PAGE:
Harbor by Rebekah Weatherspoon
Contemporary romance released by Rebekah Weatherspoon Presents on June 27, 2020
Betrayed and set adrift…
Months before she’s set to walk down the aisle, assistant district attorney Brooklyn Lewis suffers an unthinkable loss. It’s bad enough her fiancé is violently taken from her, but along with her grief she must also process the fact that the man of her dreams was unfaithful. Friends and family want to see her heal, but Brooklyn doesn’t know how to move on from trauma and deception until she discovers she’s not the only one broken by this tragedy.
A light in the storm…
Attorney Vaughn Coleman and his partner Chris Shaw have also lost the love of their lives, who was found lifeless in the same bed as Brooklyn’s fiancé, taken from them by the same killer.
Unmoored by grief, Brooklyn, Chris, and Vaughn fall into a relationship that both fulfills them and threatens to pull them under the waves of guilt, but they soon realize it may take the love of three people to bring their battered ships back to shore.
*This romance features a polyamorous relationship between two men and a woman, with BDSM overtones*
While this is a stand alone novel, there are additional characters featured in other stories. Reading order for the characters in this story: Haven, Sanctuary, Rafe, Xeni, Harbor.
There are a couple of content warnings I want to provide before diving into this review. The book talks about death and infidelity. This is a romance between three people, Brooklyn “Brook,” Shaw, and Vaughn. What I liked most about this book is that Weatherspoon starts off in a place of grief and confusion, but successfully gets the characters, and by extension the readers, to a happy ending. Vaughn and Shaw grow just as much as Brooklyn, although their growth felt more intertwined because Vaughn and Shaw already have an established relationship before meeting Brooklyn. We also get to see a lot of female friendships on Brooklyn’s side of the story, which I always enjoy.
Brooklyn is funny, outspoken and generally confident. However, that self-confidence is shaken by what she learns about her fiancé at the beginning of the book–namely, that he was cheating on her for months. Brooklyn has to regain that self-confidence, and also internalize the belief that she can be loved and find happiness. Sometimes, she gets in her own way, but this doesn’t last too long and seems fairly reasonable within the context of the book. I think it helps that she knows that her friends’ paths to love and happiness weren’t conventional.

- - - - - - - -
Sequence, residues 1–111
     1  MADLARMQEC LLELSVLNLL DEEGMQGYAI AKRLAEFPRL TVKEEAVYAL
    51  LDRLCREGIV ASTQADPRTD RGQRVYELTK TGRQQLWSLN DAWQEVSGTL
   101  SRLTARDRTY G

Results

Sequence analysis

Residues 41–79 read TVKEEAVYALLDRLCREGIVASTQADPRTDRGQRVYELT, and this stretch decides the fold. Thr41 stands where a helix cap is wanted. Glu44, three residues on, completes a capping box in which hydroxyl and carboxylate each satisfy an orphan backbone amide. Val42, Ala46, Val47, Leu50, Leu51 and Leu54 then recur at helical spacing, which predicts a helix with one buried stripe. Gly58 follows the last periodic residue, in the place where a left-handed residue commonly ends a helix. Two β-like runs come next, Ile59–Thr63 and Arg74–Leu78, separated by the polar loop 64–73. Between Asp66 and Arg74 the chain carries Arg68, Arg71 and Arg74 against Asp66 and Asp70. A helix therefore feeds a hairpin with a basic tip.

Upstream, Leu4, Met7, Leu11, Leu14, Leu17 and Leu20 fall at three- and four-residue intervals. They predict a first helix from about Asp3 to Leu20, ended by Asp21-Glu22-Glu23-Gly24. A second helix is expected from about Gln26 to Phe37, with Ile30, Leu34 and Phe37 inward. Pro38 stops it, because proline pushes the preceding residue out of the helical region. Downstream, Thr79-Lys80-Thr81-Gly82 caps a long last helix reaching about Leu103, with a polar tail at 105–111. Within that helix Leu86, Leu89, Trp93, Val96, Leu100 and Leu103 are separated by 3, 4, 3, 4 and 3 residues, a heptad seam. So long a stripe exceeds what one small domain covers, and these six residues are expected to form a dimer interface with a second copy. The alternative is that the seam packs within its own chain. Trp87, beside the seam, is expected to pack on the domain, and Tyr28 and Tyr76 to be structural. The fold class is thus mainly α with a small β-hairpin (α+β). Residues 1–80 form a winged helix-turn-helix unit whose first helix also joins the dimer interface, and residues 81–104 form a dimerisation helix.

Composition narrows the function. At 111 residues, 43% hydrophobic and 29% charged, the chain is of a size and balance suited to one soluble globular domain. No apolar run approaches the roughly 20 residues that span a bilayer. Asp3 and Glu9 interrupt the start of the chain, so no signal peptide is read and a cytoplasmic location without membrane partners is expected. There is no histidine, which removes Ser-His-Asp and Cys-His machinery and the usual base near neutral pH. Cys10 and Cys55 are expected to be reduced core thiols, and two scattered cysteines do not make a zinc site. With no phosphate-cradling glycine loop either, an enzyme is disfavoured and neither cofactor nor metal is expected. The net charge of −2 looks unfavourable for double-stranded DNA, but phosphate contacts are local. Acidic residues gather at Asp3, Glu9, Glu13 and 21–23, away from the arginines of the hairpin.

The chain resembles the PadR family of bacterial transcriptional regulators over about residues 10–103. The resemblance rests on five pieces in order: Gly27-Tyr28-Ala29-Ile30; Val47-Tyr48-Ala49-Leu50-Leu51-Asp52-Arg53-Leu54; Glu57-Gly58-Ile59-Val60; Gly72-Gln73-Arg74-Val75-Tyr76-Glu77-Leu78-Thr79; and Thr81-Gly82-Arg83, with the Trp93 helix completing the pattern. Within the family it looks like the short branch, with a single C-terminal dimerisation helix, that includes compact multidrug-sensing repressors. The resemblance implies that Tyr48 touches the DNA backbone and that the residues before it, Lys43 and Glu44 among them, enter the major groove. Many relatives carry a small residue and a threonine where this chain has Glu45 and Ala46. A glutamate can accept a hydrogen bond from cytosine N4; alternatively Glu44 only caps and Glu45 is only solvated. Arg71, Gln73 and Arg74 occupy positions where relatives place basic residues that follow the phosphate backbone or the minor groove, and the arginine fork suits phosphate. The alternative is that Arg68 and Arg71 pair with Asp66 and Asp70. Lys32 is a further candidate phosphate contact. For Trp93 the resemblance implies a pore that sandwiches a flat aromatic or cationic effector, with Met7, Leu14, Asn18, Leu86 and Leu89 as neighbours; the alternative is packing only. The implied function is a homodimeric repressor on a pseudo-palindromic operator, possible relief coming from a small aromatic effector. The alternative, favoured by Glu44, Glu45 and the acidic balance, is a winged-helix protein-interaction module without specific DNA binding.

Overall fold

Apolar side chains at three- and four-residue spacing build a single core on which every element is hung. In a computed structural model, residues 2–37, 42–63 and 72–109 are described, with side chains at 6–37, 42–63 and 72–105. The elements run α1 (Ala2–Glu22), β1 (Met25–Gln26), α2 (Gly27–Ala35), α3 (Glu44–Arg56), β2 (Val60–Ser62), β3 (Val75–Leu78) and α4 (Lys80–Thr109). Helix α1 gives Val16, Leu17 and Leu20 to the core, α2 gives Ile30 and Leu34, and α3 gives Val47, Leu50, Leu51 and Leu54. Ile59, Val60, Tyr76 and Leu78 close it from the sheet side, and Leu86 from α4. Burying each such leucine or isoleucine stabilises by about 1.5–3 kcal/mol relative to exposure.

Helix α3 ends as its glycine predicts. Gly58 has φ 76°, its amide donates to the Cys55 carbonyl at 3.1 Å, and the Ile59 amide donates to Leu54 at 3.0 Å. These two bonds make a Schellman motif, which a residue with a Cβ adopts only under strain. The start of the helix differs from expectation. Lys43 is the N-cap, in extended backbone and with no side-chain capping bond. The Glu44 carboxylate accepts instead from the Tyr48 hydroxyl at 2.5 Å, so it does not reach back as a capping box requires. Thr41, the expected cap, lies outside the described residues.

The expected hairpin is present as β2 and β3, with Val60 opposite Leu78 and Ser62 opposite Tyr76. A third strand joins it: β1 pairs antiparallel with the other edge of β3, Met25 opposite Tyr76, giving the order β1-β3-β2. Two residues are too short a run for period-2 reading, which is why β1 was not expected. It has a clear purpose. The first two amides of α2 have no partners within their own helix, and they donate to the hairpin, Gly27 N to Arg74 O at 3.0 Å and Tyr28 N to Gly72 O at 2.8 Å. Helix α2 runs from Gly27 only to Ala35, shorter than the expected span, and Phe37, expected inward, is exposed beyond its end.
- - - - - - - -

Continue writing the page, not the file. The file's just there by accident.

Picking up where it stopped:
Vaughn and Shaw are also shaken up when they discover that their partner was cheating on them for months. She was cheating on them with Brooklyn’s fiancé. Vaughn is impulsive and decisive. He attends his partner’s memorial because he feels very strongly that he needs to pay his respects, regardless of how his partner’s family feels about their unusual relationship. He tracks down Brooklyn because he thinks that he and Shaw can learn something about why their partner cheated on them with Brooklyn’s fiancé, and because he thinks they can offer each other some kind of understanding that others can’t. Shaw is just as intense as Vaughn, but warier, and willing to see how situations play out before jumping in. He’s not sure seeing Brooklyn is a good idea at first. He’s worried that she might hurt them, especially Vaughn.
I enjoyed, among other things, reading the scenes between Shaw and Vaughn and Shaw, Vaughn and Brooklyn where they check in with each other. They always make sure they’re on the same page, emotionally and physically. You got to see that making a relationship work wasn’t just pants feelings, but difficult conversations, which you don’t always see in romance novels.
Finally, cute dogs, cute children, and yummy food make appearances in this book. The children and dog aren’t central to the plot, but they also didn’t feel forced in or pointless. And, like I said at the beginning, Brooklyn has lovely female friendships. Most of her friends have had their stories told in previous books, but I haven’t read them and didn’t feel like I was missing out on too much while reading this book.